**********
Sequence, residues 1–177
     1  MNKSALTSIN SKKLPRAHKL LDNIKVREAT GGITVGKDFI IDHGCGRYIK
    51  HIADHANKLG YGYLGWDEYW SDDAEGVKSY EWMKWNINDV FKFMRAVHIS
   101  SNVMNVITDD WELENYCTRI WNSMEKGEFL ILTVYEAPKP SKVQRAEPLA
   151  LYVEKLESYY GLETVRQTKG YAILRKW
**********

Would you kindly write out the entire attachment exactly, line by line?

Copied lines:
Sequence, residues 1–177
     1  MNKSALTSIN SKKLPRAHKL LDNIKVREAT GGITVGKDFI IDHGCGRYIK
    51  HIADHANKLG YGYLGWDEYW SDDAEGVKSY EWMKWNINDV FKFMRAVHIS
   101  SNVMNVITDD WELENYCTRI WNSMEKGEFL ILTVYEAPKP SKVQRAEPLA
   151  LYVEKLESYY GLETVRQTKG YAILRKW